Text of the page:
Physical Science 8th grade (1).pdf

Irregular galaxies exhibit peculiar shapes and do not

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Irregular galaxies exhibit peculiar shapes and do not appear to rotate like those galaxies of other shapes. Figure 17.3 shows examples of some galaxy shapes. Galaxies change shape over time The shapes of galaxies change over time. It is impossible to actually see the changes in a single galaxy, since it takes hundreds of millions of years. However, by looking at many galaxies, astronomers can see similar galaxies at different times in their histories. This observational data has allowed astronomers to develop computer based models which calculate how a galaxy changes over hundreds of millions of years. It is now believed that the barred spiral form is just one phase of a regular spiral. Computer simulations show how the “bar” forms and disappears repeatedly as a spiral galaxy rotates. Figure 17.3: Some representative galaxy shapes.
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358 U NIT 6 A STRONOMY Figure 17.4: The Andromeda galaxy is an elliptical galaxy in our local group. Figure 17.5: Two galaxies that are near to colliding. Distances between galaxies Galaxies are a million times farther away than stars The distances between stars are 10,000 times greater than the distances between planets. The distances between galaxies are a million times greater than the distances between stars . For example, the distance from Earth to the nearest star is 4.3 light years, but from Earth to the Whirlpool galaxy is over 30 million light years. The local group of galaxies The Milky Way belongs to a group of about 30 galaxies called the local group. This group includes the Large Magellanic Cloud (179,000 light years) and the Small Magellanic Cloud (210,000 ly). These Magellanic Clouds are small, irregular galaxies of less than 100,000 stars. The local group also includes Andromeda, an elliptical galaxy 2.9 million light years away (Figure 17.4). Galactic collisions Galaxies move through space singly and in groups. Galaxies even collide with each other in slow dances of stars that take millions of years to complete (Figure 17.5) Determining the distance to nearby galaxies Figuring out the distance between galaxies is one of the more difficult tasks in astronomy. A faint (low brightness) object in the night sky could be a dim object that is relatively nearby or a bright object that is far, far away. The most reliable method for estimating the distance to a galaxy is to find a star whose luminosity is known. If the luminosity is known, the inverse square law can be used to find the distance from the observed brightness. Distant galaxies This method works for the closest galaxies. However, the vast majority of galaxies are too far away to see single stars even with the best telescopes. Beyond 150 million light years, astronomers compare size and type with closer galaxies to estimate the luminosity of the farther ones. This method is not as accurate and, consequently, the distances to far galaxies are known only to within a factor of two.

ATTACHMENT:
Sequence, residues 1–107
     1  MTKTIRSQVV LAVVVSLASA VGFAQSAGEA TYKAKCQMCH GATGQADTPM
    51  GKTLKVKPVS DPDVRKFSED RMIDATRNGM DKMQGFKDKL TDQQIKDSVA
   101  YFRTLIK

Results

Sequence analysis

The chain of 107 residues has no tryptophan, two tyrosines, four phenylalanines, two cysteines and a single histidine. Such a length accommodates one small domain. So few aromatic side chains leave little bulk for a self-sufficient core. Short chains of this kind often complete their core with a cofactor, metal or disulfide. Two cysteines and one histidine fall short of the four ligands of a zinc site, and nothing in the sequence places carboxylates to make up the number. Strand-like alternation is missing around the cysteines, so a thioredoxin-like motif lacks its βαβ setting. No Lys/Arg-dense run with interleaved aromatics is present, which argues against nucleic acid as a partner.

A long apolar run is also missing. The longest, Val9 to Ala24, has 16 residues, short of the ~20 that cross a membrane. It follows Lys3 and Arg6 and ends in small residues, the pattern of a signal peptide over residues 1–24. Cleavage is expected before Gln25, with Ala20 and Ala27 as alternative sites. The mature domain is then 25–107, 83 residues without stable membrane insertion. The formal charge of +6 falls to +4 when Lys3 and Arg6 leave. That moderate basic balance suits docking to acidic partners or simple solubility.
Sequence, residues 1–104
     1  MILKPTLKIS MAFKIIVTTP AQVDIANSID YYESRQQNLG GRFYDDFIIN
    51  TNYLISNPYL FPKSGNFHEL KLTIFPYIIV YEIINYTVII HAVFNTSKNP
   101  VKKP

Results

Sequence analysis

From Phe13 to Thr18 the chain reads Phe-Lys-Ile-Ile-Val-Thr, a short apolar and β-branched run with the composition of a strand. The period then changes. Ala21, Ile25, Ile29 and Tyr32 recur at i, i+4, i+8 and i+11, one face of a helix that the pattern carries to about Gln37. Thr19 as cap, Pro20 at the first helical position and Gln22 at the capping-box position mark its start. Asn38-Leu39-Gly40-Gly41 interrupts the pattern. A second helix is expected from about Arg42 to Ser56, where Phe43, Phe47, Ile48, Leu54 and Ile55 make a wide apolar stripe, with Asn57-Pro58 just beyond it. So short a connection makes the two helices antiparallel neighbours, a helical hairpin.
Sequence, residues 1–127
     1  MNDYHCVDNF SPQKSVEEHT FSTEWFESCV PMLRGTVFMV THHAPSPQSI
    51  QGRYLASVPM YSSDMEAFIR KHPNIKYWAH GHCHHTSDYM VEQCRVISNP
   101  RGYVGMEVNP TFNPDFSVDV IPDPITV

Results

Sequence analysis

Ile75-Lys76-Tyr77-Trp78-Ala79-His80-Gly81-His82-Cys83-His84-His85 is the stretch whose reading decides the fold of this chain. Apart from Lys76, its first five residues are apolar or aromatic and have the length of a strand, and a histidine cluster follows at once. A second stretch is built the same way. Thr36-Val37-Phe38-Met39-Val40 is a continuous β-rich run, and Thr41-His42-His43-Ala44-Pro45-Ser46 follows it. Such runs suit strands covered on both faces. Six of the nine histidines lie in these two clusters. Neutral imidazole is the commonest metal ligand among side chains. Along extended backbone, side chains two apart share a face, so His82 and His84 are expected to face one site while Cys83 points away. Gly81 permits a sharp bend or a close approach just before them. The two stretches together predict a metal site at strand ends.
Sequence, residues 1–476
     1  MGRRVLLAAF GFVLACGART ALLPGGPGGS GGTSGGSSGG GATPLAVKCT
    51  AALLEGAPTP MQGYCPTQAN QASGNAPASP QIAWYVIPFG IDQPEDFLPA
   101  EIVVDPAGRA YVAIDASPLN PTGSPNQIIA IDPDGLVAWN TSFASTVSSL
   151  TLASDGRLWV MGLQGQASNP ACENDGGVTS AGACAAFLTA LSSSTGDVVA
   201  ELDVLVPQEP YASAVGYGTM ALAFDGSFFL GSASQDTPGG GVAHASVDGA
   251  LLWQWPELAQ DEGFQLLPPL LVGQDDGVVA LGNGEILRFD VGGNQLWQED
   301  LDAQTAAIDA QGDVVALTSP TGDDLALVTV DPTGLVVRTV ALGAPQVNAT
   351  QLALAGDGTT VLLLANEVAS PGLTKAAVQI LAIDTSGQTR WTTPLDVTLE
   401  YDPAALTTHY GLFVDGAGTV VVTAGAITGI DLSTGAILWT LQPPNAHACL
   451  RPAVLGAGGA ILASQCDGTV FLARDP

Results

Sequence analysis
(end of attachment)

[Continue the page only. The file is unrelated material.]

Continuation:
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359 17.1 G ALAXIES C HAPTER 17: G ALAXIES AND THE U NIVERSE The central black hole The center of the galaxy Since we are located in the outer part of the galaxy, dust between the
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